Pancreatic ductal adenocarcinoma (PDAC) is a fatal disease. For the majority of patients chemotherapy is the only therapeutic option, and virtually all patients relapse with drug resistant disease. The nucleoside analogue gemcitabine is the frontline agent and current standard of care for patients with PDAC. When combined with gemcitabine, erlotinib or nab-paclitaxel increases median survival of patients with non- resectable disease by ~0.3 to ~1.8 months, respectively. The five-year survival is ~6%. Clearly more effective therapies are needed. We propose to develop effective therapy for patients with PDAC. Our data demonstrate that the combinations of gemcitabine + the BET (bromodomain extra-terminal domain) inhibitor JQ1 and also of JQ1 + the PARP 1/2 inhibitor olaparib induce strongly synergistic cytotoxicity in PDAC cells in vitro. Notably, a pilot study with JQ1 + gemcitabine supports in vitro data, and shows that this combination induces regressions in mice bearing patient-derived xenograft (PDX) tumors. The synergy of both combinations that we propose to evaluate was evident in PDAC cells that express mutant KRAS, a tumor cell characteristic associated with poor outcome clinically. The data suggest that JQ1 + gemcitabine and JQ1 + olaparib may comprise effective therapy for PDAC. JQ1 is a novel targeted small molecule that binds to acetyl lysine binding pockets of BET proteins, predominantly BRD2 and BRD4. This binding inhibits the association of BRD2/4-dependent transcriptional aggregates to acetylated lysine residues of histones, thereby inhibiting expression of proteins dependent on this mechanism. Data in this proposal show the novel findings that JQ1 induces DNA damage, inhibits expression of the G2 cell cycle regulator protein CDC25B and DNA repair proteins Ku80 and BRCA2 in vivo. We hypothesize, based on our findings and relevant literature, that JQ1-induced DNA damage, inhibition of CDC25B and consequent cell cycle dysregulation sensitize PDAC cells to gemcitabine. We also hypothesize, based on our findings and relevant literature, that JQ1-induced inhibition of Ku80 and BRCA2 and consequent suppression of DNA repair sensitizes PDAC tumors to PARP inhibitors. We propose to evaluate the efficacy and mechanisms of synergy of JQ1 + gemcitabine (Aim 1) and JQ1 + olaparib (Aim 2) using transfected PDX- derived cell lines in vitro and our unique panel of in vivo PDX models that retain specific biologic and genetic characteristics of their tumors of origin. We also propose to identify additional proteins that contribute to the cytotoxic mechanism of JQ1 (Aim 3). The proposed work comprises an essential step toward our long-range goal of developing effective therapy for patients with PDAC.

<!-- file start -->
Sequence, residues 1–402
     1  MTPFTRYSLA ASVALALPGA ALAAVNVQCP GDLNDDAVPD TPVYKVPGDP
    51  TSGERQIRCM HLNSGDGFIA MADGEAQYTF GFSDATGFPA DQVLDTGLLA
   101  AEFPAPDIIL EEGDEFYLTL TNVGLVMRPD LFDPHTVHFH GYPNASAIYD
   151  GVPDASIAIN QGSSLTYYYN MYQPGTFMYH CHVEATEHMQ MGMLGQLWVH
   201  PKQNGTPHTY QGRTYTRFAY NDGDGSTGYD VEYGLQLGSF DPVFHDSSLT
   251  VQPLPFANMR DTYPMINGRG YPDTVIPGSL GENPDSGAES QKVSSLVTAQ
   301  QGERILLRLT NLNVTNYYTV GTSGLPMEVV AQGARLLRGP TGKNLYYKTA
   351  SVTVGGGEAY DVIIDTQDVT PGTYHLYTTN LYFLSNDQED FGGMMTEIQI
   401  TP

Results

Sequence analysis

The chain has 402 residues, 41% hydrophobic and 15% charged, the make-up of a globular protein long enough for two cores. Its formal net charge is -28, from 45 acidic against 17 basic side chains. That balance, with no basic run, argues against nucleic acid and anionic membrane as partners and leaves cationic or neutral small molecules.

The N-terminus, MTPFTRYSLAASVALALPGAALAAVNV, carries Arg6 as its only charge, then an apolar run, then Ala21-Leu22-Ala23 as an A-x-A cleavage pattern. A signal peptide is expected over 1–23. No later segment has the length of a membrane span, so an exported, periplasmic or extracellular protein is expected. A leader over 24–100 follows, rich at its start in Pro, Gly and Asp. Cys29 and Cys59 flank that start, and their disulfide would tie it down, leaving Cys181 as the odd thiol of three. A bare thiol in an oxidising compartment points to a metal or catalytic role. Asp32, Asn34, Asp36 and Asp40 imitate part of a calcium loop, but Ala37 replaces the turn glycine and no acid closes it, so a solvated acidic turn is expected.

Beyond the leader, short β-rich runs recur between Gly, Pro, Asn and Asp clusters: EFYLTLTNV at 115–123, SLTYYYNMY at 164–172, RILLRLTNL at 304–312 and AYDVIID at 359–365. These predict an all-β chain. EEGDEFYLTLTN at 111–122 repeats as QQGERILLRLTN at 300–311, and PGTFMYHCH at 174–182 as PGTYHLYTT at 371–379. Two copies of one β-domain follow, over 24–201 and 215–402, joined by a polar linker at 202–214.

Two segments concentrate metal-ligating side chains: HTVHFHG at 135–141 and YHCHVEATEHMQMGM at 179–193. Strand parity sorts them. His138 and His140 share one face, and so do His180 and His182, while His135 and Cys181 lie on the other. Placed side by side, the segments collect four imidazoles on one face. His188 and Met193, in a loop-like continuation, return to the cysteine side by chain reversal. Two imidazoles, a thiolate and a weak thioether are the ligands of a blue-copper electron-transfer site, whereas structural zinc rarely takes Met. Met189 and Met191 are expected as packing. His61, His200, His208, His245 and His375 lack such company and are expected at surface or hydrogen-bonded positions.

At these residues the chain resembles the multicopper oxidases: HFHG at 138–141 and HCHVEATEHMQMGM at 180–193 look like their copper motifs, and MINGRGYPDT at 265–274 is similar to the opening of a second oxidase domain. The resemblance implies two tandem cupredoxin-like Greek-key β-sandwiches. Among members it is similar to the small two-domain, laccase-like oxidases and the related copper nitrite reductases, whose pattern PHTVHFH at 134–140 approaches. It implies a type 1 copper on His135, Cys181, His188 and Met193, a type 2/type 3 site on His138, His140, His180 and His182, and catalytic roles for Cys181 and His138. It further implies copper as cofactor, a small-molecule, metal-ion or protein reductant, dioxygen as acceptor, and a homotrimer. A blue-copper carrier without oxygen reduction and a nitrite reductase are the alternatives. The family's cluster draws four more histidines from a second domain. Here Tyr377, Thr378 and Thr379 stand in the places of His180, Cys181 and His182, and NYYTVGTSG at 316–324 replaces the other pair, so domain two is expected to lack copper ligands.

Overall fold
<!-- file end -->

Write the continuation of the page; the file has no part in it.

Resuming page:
Public Health Relevance

Pancreatic ductal adenocarcinoma (PDAC) is a fatal disease, with a 5-year survival of less than 6%. To improve therapeutic outcome, we need to understand the biology of the disease, have model systems that reflect characteristics of primary PDAC tumors, and design novel approaches to therapy for patients with PDAC. We have established a series of PDAC patient-derived xenograft (PDX) models including a gemcitabine-resistant model and KRAS mutant and to propose to use these models to evaluate the efficacy of the novel combination of JQ1 with gemcitabine or olaparib.

National Institute of Health (NIH)
National Cancer Institute (NCI)
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Developmental Therapeutics Study Section (DT)
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Kondapaka, Sudhir B
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University of Alabama Birmingham
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